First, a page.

By John Considine
A couple of months ago the Financial Times did a special report on the state of chess (here). The front page headline referred to the growth of chess. A story, inside the FT supplement, claimed that chess attracts seven times more regular players than golf worldwide. Elsewhere, Adam Thomson makes the point that getting to professional level is easier nowadays. He may have a point but looking at the number of new Grandmasters, one might wonder if the sport has moved past its peak at the upper levels. The years between 2007 and 2009 saw the largest numbers being awarded the title.
If we take a slightly longer view it is possible to see the growth of Grandmaster numbers towards the end of the twentieth century and into the twenty-first century. The picture below shows the awards of Grandmaster title in 1974, 1984, 1994, 2004 and 2014. It also shows the age (defined as the gap between the person's birth year and the year of the award) of the person achieving the title of Grandmaster. It seems to confirm the FT view that technology has facilitated younger achievement in chess.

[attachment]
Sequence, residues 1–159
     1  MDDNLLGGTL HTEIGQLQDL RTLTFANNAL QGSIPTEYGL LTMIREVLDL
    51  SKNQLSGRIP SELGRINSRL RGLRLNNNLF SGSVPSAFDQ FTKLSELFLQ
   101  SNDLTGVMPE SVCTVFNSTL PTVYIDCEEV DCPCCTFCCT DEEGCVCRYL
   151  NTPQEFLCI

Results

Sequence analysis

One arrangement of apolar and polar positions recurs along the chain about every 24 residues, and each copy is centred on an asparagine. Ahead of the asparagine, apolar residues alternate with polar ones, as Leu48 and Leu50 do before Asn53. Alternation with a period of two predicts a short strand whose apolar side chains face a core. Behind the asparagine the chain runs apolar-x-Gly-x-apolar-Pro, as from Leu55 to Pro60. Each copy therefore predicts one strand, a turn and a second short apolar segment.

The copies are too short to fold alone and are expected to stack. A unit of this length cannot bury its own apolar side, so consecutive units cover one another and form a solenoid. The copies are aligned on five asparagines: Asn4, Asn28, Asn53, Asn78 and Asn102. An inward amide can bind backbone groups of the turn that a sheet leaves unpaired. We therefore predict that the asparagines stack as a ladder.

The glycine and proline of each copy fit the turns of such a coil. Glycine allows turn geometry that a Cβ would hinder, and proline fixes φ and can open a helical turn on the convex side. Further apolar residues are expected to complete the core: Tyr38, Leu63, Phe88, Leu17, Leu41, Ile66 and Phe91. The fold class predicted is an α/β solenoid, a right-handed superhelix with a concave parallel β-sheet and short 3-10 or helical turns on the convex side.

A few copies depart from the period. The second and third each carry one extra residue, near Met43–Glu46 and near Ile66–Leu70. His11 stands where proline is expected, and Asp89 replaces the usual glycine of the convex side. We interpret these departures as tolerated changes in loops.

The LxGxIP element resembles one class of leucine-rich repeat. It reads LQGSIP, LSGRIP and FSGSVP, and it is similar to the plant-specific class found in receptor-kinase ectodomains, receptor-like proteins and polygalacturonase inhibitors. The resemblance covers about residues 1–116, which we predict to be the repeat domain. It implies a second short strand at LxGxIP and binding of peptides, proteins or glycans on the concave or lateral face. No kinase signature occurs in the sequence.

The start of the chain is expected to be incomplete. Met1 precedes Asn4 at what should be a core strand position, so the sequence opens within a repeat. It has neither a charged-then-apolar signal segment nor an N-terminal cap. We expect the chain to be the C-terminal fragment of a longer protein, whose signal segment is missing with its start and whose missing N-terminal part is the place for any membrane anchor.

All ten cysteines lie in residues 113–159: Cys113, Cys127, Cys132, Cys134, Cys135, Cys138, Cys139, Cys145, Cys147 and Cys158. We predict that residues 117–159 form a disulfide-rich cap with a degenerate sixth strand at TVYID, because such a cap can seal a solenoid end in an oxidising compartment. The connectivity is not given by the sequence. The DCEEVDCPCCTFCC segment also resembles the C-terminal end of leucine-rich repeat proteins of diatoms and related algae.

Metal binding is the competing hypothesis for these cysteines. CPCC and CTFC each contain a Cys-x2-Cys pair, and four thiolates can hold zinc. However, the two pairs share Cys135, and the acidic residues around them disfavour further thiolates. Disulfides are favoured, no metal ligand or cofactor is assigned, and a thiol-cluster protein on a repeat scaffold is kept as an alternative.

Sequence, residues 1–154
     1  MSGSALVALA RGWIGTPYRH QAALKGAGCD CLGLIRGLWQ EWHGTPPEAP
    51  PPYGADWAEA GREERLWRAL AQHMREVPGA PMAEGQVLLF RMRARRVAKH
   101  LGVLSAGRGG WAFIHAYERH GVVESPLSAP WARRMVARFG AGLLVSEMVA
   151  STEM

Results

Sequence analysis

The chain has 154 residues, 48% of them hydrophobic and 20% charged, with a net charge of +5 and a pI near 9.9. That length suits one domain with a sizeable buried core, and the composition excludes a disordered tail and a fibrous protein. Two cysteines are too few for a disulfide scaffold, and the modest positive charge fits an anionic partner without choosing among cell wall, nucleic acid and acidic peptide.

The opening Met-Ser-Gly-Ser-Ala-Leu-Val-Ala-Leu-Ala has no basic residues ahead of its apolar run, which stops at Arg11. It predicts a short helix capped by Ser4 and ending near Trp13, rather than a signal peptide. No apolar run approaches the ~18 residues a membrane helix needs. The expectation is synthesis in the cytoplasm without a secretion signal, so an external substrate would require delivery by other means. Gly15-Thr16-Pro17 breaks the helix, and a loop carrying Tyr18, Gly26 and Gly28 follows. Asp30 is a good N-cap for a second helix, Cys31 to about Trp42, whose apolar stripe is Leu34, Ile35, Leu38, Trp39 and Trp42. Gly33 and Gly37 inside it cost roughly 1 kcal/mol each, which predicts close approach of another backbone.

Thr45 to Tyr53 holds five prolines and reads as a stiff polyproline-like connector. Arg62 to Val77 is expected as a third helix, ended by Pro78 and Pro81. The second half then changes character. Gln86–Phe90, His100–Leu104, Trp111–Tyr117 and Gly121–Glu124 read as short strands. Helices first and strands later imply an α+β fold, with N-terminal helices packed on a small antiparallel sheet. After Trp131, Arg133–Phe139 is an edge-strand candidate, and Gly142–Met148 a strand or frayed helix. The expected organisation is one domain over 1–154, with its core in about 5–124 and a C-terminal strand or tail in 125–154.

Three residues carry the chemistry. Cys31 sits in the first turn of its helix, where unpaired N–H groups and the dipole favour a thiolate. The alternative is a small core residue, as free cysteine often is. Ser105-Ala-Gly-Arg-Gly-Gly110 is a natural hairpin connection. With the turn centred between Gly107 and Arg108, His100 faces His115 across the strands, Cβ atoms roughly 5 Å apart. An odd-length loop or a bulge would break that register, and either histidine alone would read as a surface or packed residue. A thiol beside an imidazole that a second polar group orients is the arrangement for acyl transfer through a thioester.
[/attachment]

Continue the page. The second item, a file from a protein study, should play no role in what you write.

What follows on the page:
This website was jointly founded in July 2013 by David Butler, Robbie Butler, John Considine and Declan Jordan. All four founders are Lecturers in Economics at University College Cork, Ireland.